and condemned him in the costs of both suits. Do you think, then, that the Church Of England is authoritatively deprived of her dear Devil and her beloved eternal punishment? Not at all; the really important problem is evaded with consummate lawyer-like wariness; the points in dispute are most shiftily shifted like slides of a magic lantern; we have a new decision essentially unrelated to that which it cancels; we have a judgment which concerns not the Devil—except that he would chuckle over the too clever un-wisdom which fancies it can extinguish "burning questions" with legal wigs.
Their most learned lordships in the first place observe that the learned judge of the Court of Arches appears to have considered that the canon and the rubric severally warrant the repulsion from the Lord's table of "an evil liver," and "a depraver of the Book of Common Prayer," whereas the terms are "an open and notorious evil liver," and "common and notorious depravers." This is a most pregnant distinction, teaching us that an evil liver and a depraver of the said book, as long as he is not notoriously such, is fully entitled to the Holy Communion, fully entitled to the privilege of "eating and drinking damnation to himself," a privilege from which the damnation to' notorious evil liver and depraver is righteously debarred.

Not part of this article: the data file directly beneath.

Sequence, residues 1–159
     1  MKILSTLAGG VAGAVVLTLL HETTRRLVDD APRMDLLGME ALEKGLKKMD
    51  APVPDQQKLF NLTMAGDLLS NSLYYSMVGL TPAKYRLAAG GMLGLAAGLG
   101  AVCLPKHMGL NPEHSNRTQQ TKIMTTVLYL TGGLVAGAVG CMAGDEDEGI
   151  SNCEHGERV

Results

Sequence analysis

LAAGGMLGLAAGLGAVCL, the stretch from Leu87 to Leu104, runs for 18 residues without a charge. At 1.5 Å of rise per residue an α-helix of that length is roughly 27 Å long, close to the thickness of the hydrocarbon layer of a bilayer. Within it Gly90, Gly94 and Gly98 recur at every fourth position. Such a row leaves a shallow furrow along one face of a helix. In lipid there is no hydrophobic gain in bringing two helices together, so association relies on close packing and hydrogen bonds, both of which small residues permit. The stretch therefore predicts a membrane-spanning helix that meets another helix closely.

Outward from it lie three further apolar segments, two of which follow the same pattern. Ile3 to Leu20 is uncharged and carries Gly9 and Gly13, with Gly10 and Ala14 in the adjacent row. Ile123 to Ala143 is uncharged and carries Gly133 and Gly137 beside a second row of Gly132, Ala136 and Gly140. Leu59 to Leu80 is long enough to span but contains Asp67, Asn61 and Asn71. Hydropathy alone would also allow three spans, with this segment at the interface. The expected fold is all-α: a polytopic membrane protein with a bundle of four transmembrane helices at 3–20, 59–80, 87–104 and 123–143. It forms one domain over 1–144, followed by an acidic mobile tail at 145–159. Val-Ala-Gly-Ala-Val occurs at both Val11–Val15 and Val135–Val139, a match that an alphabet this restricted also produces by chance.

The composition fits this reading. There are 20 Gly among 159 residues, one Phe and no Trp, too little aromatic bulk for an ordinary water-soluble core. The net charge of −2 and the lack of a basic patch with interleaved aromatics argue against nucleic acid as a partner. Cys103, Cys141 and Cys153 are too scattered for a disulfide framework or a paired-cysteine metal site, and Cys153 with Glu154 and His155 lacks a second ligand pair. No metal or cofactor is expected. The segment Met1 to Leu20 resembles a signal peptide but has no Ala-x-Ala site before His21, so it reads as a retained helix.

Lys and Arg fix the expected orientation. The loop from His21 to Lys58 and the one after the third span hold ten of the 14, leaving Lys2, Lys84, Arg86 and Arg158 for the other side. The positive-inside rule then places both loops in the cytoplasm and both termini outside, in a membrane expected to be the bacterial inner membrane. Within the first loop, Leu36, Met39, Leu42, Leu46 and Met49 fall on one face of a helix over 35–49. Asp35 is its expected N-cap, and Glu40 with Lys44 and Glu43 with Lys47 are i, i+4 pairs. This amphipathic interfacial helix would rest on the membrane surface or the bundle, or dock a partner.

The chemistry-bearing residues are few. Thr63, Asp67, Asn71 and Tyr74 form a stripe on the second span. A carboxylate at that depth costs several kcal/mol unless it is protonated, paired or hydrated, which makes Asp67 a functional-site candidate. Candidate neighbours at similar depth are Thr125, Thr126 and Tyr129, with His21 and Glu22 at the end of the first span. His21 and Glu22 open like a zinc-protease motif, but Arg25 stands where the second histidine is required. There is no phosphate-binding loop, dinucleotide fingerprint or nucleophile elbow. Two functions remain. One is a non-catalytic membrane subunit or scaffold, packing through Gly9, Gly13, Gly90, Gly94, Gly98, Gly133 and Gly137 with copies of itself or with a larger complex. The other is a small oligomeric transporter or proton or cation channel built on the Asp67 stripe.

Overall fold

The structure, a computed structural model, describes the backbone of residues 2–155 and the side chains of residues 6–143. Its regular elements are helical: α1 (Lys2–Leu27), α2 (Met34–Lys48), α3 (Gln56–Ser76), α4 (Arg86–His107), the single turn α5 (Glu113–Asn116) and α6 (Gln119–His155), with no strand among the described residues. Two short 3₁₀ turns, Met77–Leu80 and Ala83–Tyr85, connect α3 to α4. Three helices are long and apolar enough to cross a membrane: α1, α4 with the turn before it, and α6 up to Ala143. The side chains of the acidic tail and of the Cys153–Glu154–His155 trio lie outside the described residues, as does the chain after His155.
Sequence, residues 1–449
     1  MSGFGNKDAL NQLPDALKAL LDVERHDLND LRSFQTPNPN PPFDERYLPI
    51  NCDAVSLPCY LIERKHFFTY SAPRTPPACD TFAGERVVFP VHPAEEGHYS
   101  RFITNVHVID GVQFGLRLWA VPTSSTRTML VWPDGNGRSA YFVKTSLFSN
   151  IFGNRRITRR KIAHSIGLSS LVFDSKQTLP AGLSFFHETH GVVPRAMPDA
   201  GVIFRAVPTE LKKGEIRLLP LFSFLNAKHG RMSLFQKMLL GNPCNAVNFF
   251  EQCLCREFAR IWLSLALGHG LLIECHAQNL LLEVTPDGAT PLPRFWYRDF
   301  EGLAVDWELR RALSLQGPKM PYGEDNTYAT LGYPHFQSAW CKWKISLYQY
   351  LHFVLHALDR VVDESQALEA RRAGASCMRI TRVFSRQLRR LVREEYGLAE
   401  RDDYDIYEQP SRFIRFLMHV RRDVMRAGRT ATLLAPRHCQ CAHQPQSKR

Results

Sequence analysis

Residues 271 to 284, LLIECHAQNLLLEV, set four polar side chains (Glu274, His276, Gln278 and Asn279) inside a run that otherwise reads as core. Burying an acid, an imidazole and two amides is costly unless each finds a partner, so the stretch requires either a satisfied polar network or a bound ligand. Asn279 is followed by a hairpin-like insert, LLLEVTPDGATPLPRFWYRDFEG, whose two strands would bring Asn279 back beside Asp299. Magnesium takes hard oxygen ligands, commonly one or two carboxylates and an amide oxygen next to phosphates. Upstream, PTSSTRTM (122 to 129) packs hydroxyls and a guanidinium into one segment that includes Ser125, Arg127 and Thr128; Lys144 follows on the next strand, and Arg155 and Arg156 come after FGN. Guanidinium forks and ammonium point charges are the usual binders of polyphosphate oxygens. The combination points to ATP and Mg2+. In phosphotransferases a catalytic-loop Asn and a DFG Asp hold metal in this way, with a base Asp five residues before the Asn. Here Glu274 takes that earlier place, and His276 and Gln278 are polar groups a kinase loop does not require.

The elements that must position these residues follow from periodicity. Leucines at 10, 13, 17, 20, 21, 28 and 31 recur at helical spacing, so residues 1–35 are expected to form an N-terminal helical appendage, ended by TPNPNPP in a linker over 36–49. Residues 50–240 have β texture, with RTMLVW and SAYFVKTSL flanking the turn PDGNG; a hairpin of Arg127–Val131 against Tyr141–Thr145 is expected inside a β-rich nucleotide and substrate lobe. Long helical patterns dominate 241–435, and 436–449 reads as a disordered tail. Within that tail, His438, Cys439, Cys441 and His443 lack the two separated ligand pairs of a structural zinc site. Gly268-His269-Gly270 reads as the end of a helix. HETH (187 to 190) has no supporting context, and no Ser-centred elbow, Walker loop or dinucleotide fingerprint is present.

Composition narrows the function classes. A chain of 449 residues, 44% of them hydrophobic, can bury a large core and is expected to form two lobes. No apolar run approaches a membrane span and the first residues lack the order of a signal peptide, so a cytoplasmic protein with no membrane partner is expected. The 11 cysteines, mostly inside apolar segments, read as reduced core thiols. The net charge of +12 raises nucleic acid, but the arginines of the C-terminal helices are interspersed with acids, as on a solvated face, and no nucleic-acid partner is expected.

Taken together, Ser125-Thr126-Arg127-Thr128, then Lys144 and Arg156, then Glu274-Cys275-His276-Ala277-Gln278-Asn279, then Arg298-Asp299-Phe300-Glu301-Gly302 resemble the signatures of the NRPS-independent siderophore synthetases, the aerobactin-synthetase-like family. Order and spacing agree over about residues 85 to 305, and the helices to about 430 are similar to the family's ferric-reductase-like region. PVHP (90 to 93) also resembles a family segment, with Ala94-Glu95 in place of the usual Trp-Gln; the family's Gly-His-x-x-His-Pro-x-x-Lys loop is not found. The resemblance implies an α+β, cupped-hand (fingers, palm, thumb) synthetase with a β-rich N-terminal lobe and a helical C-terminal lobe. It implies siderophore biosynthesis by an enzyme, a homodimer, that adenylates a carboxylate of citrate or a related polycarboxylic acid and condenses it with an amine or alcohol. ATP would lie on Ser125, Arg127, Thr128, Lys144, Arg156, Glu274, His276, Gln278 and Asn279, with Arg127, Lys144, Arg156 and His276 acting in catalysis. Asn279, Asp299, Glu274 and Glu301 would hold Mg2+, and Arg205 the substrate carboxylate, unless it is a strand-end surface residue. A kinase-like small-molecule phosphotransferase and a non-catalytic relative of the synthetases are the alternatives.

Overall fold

Now, their most learned lordships find that there is absolutely no evidence that the appellant was an evil liver, much less an open and notorious evil liver. The question follows, Was he a common and notorious depraver of the Book Common Prayer? It was contended that the Selections, coupled with the letter of July 20, proved him to be this. But the letter was not written spontaneously. He was invited by the respondent, Mr. Cook, to write it. It was a friendly and private, as well as a solicited, communication. Therefore, whatever be the construction of the letter, and even if there be in it a depravation of the Book of Common Prayer, still it would be impossible to hold